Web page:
2.  Contingency Planning – Form a Team

As we mentioned in our previous posts, contingency planning is an enterprise-wide process.  The collective intelligence of the team is greater than that of any team member.

You should consider the skill sets that may be required to support the team.  Although we are not suggesting that you need to be an expert in probability theory or statistics, someone having exposure to these types of assessment tools or an outside consultant may be worth the effort.

It is not possible for one committee to prepare contingency plans for every area in the company.  When forming teams, how the skills and levels of expertise required to support the team in one area may be vastly different for another area.  For example, Product Engineering and Operations will have different failure modes to contend with.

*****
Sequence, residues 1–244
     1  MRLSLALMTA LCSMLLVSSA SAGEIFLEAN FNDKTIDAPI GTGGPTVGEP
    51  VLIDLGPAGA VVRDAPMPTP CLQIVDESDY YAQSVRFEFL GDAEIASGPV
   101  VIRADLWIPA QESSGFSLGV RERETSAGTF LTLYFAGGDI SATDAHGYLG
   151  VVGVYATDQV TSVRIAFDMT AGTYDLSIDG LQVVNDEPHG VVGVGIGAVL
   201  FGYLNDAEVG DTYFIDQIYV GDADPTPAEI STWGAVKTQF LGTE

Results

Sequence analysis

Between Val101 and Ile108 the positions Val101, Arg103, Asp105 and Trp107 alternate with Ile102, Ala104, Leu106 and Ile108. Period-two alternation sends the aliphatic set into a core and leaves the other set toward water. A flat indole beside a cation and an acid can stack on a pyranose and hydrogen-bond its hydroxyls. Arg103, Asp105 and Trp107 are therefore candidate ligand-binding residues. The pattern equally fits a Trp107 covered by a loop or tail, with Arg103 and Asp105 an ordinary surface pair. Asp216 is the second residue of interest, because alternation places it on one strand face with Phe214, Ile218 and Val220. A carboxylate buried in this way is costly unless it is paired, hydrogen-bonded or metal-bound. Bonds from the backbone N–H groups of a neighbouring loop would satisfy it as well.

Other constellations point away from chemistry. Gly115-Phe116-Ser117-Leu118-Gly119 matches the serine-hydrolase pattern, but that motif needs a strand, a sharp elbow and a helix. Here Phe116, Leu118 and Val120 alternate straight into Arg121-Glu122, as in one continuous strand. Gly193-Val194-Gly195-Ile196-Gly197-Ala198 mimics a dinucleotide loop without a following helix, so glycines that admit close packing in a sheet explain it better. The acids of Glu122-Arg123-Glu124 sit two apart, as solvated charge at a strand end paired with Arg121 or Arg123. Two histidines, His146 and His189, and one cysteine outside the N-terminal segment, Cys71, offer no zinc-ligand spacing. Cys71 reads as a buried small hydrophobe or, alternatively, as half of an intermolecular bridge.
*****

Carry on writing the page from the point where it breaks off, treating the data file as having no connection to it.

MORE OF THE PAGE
To ensure the appropriate resources are available, we recommend that  executive management or a steering committee are assigned to oversee the contingency planning and development process.

Based on some of the scenarios cited in this post, it would stand to reason that most CEO’, Presidents, and / or owners are primary stake holders in the Contingency Planning process.

More will follow:

  • Performing Risk Assessments
  • Contingency Planning Tools
  • Do The DRILL
  • Publish
  • Review

Until Next Time – STAY Lean!